This page contains information on my view on making urns, product specifics, and frequently asked questions. If you still have questions, please feel free to contact me here.
My View on Urn Making
Making urns is a natural adaptation of my sculpture, as proportion and form are the main focus. The patterning, tones, and colors are all a product of the wood itself. I use this approach to create a high quality vessel that is functional, unique, and offers a wide array of shapes, sizes, proportions, and colors. Each piece is an original, and I strive for people think of it more as sculpture.
Why choose one of my cremation urns?
I began making urns because I felt that the majority of options on the market lacked an element of uniqueness. Additionally, I believe that there is great interest in having an urn that is high quality and one of a kind. I also sought to create an urn that is subtle and would blend into any setting. I offer a product that is proportioned well, with a simple and beautiful shape. My cremation urns are sculpture and are unique, no two of which are exactly alike. All vessels are completely organic and reclaimed from Southern domestic hardwoods. The majority of these trees have reached the end of their lifecycle. Lastly, each urn is handmade and meant to honor the lives of whom they memorialize.
How large of an urn do I need?
The general rule of thumb is 1 cubic inch of ash is produced per pound. So for example 180 lbs = 180 cubic inches.
This is an approximation, since the amount of cremated remains are based more on bone size and bone density rather than weight. The rule of thumb will get you close but it is possible for the actual amount to be slightly over or under. That being said, I generally like to suggest that a purchaser would err on the conservative side and select an urn that is a bit larger than what the calculation gives. Refer to my blog post here for a more elaborate answer.
Why are there so many sizes of urns?
I don’t set out to make an urn with an exact size in mind. I put a block of wood on the lathe and create what form looks the best to me, and the size of the urn works out however it does.
With that in mind there are a few general categories of urns that I do make.
Keepsake Urns (20-100 cubic inches) : these are smaller sized urns for purposes where a portion of the cremated remains are needed to be contained.
Pet Urns (20-150 cubic inches) : also smaller sized urns gauged for capacities usually less than 100 cubic inches
Individual Urns (100-300 cubic inches) : these are standard sized urns intended to hold the total amount of cremated remains.
Companion or Double Urns (200 cubic inches and greater) : are urns that are intended to hold two or more individuals.
Openings and Bases
Does the urn seal and how large is the opening?
All of the urns that I make have finials (that function as the lid) that are hand-threaded into the body of the urn. Once the finial has been screwed onto the vessel, it is closed and there is no need to use silicon or epoxy to seal the lid. Currently the finials are made either out of African Blackwood or American Persimmon as those species are dense and fine grained enough cut a quality thread. I prefer to work exclusively out of American hardwoods. However, for this purpose there are very few species of American hardwoods that will cut a quality thread, so the blackwood is a nice alternative.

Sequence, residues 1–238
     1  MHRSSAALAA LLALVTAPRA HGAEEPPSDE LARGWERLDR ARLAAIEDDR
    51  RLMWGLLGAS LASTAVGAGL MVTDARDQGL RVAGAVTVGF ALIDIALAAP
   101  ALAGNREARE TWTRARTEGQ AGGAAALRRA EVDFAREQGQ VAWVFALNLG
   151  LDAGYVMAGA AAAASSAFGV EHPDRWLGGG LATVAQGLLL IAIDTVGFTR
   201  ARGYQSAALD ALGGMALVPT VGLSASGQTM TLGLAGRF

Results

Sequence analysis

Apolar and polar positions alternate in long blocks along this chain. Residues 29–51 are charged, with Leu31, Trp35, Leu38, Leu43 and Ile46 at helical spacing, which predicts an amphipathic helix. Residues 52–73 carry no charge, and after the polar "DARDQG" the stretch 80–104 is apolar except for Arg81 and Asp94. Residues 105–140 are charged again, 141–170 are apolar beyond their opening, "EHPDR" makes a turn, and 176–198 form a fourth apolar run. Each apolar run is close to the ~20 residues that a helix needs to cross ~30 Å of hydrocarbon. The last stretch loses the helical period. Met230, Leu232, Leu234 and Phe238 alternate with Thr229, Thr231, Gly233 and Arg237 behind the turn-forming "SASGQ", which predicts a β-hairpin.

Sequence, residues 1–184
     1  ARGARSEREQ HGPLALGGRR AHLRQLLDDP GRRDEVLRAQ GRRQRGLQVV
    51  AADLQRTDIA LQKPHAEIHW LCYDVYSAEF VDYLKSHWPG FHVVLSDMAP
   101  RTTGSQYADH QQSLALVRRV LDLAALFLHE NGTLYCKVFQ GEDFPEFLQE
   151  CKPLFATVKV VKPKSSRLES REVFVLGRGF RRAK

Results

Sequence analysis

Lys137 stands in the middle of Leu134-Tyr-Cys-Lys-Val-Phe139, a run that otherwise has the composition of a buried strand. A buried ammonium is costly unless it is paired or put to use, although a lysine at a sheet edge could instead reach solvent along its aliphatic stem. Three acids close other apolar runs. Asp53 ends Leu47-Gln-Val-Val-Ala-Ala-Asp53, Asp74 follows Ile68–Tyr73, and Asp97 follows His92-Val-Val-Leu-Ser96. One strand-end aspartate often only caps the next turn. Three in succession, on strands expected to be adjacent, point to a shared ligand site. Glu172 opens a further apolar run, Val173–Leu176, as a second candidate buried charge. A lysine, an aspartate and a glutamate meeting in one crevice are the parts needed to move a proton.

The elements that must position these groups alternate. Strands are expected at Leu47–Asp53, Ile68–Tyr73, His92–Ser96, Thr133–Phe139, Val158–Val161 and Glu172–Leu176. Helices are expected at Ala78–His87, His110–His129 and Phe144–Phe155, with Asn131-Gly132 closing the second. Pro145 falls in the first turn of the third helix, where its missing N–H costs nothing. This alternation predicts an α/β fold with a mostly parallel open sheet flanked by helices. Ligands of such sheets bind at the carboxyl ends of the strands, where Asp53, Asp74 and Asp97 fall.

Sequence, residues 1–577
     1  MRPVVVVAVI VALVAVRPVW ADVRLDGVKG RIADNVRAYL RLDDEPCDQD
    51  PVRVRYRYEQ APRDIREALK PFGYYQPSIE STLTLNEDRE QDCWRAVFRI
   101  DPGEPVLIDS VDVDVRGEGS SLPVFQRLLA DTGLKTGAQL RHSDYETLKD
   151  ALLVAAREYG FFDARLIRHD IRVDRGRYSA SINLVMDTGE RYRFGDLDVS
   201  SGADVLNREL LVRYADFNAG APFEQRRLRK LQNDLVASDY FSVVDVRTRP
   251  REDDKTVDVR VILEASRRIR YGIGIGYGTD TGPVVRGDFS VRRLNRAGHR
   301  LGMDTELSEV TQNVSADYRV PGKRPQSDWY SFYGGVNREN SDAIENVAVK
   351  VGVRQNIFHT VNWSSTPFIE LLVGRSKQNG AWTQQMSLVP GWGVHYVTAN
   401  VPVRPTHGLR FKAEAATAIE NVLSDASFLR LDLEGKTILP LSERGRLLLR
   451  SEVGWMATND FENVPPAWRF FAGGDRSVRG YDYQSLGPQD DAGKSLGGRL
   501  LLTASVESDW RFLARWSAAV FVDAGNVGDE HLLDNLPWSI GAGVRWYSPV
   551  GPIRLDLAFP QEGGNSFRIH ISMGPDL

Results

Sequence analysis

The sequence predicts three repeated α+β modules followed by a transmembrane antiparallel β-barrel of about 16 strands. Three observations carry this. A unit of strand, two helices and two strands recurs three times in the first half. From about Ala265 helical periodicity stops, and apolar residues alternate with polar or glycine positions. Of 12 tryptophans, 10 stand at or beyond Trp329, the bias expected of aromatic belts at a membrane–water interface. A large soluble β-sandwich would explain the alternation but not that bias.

The opening sizes on the urns vary, but they range from 3/4″ to 1-1/4″ in diameter.
How stable is the urn, will it tip over?
It is a pretty complicated question, though in general I view the urns to be stable and I will not list any item for sale that I believe has undue risk of tipping over.
That being said some urn shapes are more naturally stable than others, i.e. having the bulk of their volume in the lower half of the vessel. So if you the purchaser would like to err on the side of caution, then choose a shape that has the widest points at or below the midheight area of the vessel.
How do you fill the urn?
Ideally you would have your urn ready so that whomever you are dealing with for the cremation services would be able to fill the urn for you. That, however, is not always the case, and that filling your urn can either be emotionally challenging or a task that you may prefer not to do.
In the advent that you would prefer someone else to handle the filling of the urn, if you are able to, contact the providers of the cremation services and ask if they would handle filling the urn for you. You may also be able to contact a local funeral home and see if they would provide that service for you as well.
If you are inclined to fill the urn yourself, there are a few videos on YouTube that might give you some good ideas as far as handling the cremated remains in their current containers and how to transfer them to your new vessel. If you need further help, please feel free to contact me.
How do I go about ordering an urn?
Ordering information can be found in my resource section here. Please read through the item selection information as well.